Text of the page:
Monday, August 2, 2010

Guitar Heroes of the Non-Video Game Kind Pt .1

photo by stev.ie

Pop Dose recently threw up their list of the top 50 guitar players of all time. I was surprised by some of the omissions and decided to create a post or two to respond, then I noticed that Pop Dose's list was actually created in response to the LA Times magazine's top 50. Okay, so a number of the players missing on one list can be found somewhere on the other. One list skips the Edge, Robert Fripp, Angus Young and Randy Rhoads, but then we see Eddie Hazel, John Mayer, Charlie Hunter, Neal Schon and John Frusciante. Huh? Of course, there are always complaints about lists like these, who got snubbed, who is wrongly placed at the top or bottom, and so on. Sometimes I think the choices are coloured by how much a guitarist sticks out, especially to other musicians or guitar god wannabes (Yngwie Malmsteen, anyone?)So, since I'm a non-guitarist (no musical ability whatsoever, actually) I've compiled a short list of stringbenders I like without any thought to how technically proficient they are, how difficult their music may be to play, or how wizardly they wield their axes. They might not be flashy, might just be rhythm players, but they've made some noises I like and they're not always included on favourite guitar player lists.

Wherever possible, I've tried to include live videos so you can see guitar grandeur without studio trickery.

Jamie West-Oram has made his career with The Fixx, a band some might mistakenly characterize as a synth band because they were lumped in with new wave bands of the 80's. But I always loved his quirky contributions, and he never overplayed or tried to be a rock god, just propelled or served the song.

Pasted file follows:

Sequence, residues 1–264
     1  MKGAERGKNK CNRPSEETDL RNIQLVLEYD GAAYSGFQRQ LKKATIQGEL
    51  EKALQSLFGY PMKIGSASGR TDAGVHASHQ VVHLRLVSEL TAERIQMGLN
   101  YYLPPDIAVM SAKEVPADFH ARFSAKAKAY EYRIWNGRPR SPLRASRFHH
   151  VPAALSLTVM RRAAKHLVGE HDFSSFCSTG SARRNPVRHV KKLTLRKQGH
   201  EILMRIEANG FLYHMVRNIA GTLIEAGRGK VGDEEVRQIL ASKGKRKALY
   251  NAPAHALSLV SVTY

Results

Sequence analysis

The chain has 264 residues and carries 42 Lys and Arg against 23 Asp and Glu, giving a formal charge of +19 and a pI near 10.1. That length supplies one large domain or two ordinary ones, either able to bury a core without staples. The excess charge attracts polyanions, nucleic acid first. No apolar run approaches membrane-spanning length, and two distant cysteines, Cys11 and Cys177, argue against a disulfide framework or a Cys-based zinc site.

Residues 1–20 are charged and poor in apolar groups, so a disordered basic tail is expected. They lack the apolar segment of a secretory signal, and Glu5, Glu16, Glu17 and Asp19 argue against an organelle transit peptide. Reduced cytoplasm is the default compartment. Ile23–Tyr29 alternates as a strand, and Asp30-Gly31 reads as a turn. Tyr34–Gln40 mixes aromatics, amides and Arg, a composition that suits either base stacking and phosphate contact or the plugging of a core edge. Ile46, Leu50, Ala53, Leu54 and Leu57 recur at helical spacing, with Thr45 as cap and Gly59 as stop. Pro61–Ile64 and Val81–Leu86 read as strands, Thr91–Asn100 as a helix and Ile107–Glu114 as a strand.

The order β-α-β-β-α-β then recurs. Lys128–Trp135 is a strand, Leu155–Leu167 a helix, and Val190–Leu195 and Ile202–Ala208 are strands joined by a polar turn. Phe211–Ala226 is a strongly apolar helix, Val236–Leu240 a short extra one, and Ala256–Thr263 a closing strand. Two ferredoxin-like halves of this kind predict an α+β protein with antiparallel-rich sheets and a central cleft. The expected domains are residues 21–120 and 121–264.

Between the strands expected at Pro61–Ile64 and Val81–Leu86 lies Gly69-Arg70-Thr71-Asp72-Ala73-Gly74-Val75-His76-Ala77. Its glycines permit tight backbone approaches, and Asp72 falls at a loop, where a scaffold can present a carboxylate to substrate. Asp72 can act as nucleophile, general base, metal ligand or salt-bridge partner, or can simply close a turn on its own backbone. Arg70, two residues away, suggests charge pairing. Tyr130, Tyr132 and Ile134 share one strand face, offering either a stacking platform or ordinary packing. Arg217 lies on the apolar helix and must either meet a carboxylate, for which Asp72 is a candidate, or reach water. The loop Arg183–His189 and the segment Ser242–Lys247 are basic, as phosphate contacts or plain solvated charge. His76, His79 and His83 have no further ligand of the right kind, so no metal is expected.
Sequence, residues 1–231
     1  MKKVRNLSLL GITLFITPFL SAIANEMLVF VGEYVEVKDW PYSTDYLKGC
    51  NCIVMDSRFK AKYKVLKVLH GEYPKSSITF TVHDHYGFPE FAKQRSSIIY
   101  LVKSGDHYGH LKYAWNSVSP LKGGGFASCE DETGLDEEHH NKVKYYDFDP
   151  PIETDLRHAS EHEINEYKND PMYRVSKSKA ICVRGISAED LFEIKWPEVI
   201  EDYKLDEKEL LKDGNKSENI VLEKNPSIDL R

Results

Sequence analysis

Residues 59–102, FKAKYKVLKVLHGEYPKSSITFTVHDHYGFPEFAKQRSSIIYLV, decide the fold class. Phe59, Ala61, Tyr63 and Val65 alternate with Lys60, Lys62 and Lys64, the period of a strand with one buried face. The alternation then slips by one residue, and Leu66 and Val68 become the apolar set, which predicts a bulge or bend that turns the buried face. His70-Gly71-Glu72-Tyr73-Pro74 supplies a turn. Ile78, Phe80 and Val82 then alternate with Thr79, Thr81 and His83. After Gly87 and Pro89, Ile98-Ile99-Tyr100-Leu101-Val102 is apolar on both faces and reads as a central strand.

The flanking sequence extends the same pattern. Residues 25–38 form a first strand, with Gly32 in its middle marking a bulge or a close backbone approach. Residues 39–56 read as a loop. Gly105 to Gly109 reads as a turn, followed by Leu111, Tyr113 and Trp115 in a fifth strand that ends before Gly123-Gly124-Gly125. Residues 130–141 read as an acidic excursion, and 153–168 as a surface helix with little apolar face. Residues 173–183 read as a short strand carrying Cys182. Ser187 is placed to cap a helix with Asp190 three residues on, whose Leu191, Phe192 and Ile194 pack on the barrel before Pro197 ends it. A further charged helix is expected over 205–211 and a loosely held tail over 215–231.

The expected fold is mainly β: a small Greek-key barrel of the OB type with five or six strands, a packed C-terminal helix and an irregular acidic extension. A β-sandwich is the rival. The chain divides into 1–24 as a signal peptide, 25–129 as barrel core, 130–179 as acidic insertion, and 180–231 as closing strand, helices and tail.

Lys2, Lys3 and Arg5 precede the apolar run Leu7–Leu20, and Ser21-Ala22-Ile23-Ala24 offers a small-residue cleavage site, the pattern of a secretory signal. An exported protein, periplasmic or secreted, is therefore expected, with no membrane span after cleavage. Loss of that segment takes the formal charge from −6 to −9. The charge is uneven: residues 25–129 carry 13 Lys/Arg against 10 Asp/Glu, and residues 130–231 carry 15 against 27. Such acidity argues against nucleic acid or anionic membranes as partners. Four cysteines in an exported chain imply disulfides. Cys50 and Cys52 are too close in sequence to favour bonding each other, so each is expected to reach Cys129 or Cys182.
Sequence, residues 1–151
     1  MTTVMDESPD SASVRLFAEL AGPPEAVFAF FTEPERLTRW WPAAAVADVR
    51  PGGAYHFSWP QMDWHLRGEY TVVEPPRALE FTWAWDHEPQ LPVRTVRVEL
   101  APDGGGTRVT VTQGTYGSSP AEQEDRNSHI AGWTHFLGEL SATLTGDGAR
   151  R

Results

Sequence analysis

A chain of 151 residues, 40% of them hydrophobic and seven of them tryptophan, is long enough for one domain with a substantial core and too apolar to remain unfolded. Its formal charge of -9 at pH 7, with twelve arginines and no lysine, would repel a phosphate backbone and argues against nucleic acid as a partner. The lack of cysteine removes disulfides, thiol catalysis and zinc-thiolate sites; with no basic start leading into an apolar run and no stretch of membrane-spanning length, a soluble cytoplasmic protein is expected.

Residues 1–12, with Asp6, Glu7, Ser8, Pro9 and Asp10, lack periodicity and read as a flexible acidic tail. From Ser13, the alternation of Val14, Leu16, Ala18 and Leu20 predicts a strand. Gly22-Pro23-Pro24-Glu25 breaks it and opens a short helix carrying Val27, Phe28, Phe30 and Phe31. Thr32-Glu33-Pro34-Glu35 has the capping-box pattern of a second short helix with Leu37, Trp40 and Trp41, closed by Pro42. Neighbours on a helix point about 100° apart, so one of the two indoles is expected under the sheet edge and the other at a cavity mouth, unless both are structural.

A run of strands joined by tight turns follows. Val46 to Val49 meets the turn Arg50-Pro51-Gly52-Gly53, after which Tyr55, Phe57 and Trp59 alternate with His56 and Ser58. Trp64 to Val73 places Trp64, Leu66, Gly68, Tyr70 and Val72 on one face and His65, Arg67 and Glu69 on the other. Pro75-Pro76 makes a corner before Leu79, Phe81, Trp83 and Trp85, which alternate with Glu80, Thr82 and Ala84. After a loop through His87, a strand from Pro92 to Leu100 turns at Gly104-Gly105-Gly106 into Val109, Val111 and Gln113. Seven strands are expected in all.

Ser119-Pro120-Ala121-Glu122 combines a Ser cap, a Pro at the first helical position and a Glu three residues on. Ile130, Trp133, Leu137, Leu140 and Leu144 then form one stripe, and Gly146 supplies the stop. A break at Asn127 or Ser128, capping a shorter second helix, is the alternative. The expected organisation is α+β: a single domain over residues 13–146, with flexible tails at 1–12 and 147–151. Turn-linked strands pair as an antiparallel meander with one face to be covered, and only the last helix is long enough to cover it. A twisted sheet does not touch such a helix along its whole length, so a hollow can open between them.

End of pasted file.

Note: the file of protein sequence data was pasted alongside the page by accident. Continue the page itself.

Saved by Zero



Tom Verlaine has never reached mainstream acceptance and never really attempted to do so. He's been acclaimed by indie rock guitar geeks and critics, mostly for his work with Television. But the TV-love, to me, is part and parcel of his guitar tandem work with Richard Lloyd, with guitar lines intertwining, separating, snaking together again, clashing, and endlessly building ascending and spiralling soundscapes. Verlaine's solo work is not always so dense, but it does contain a similar unique glory.

A Town Called Walker



Elliot Easton's work with The Cars always included tasty licks and and sturdy rhythm to complement Ric Ocasek's more straightforward lines.

Candy-O



Robyn Hitchcock could make my list on his own, and if you've seen him play a solo show, you know what I mean. However, when Hitchcock plays with a foil, such as he does nowadays with Peter Buck in the Venus 3, he seems to be spurred on to different levels. Kimberly Rew in The Soft Boys is another fellow who lifts Hitchcock up to such great heights.

Queen of Eyes



Bob Mould, especially with Husker Du and Sugar, created blisteringly beautiful walls of sound, waves of melodic distortion, and curtains of metallic noisy pop.

Makes No Sense At all/ Love is All Around (Mary Tyler Moore Theme)

3 comments:

Ruby said...

Nice list Mr.Yak!
No Ace?

Albert Bannatyne said...

Any "best musician" list is so subjective as to be nearly meaningless. It's just a list of the author's favourites! What do you mean by best? Most technically proficient? Most influence (on other guitarists, on music in general, something else)? Most innovative?

Good names on your list. Some weirdness on the other lists.
Not overly familiar with Jack White but I wouldn't have picked him as a guitar god, especially after seeing him next to Jimmy and Edge in It Might Get Loud.

Kim Mitchell is amazing. "Paradise Skies" sounds so great and effortless but those are some tricky chords he's put together there, and the intro to "Go For Soda" is some complicated weirdness that sounds so cool.

Lou Petrovich is a guy that apparently has only played on a single album, but the guitar parts on "Gotta Move" are all fantastic.

Eric Johnson I would have predicted as getting more attention than he does, but he seems to be followed mainly by guitarists.

Next, let's see your list of best bassists!

chris yackoboski said...

Ruby - that's only part 1 down.

Albert:

My list is obviously subjective.

Here's my list of best bassists:

Steve Harris.

That's it!

Kidding. Keep reading, you'll get at least one surprise.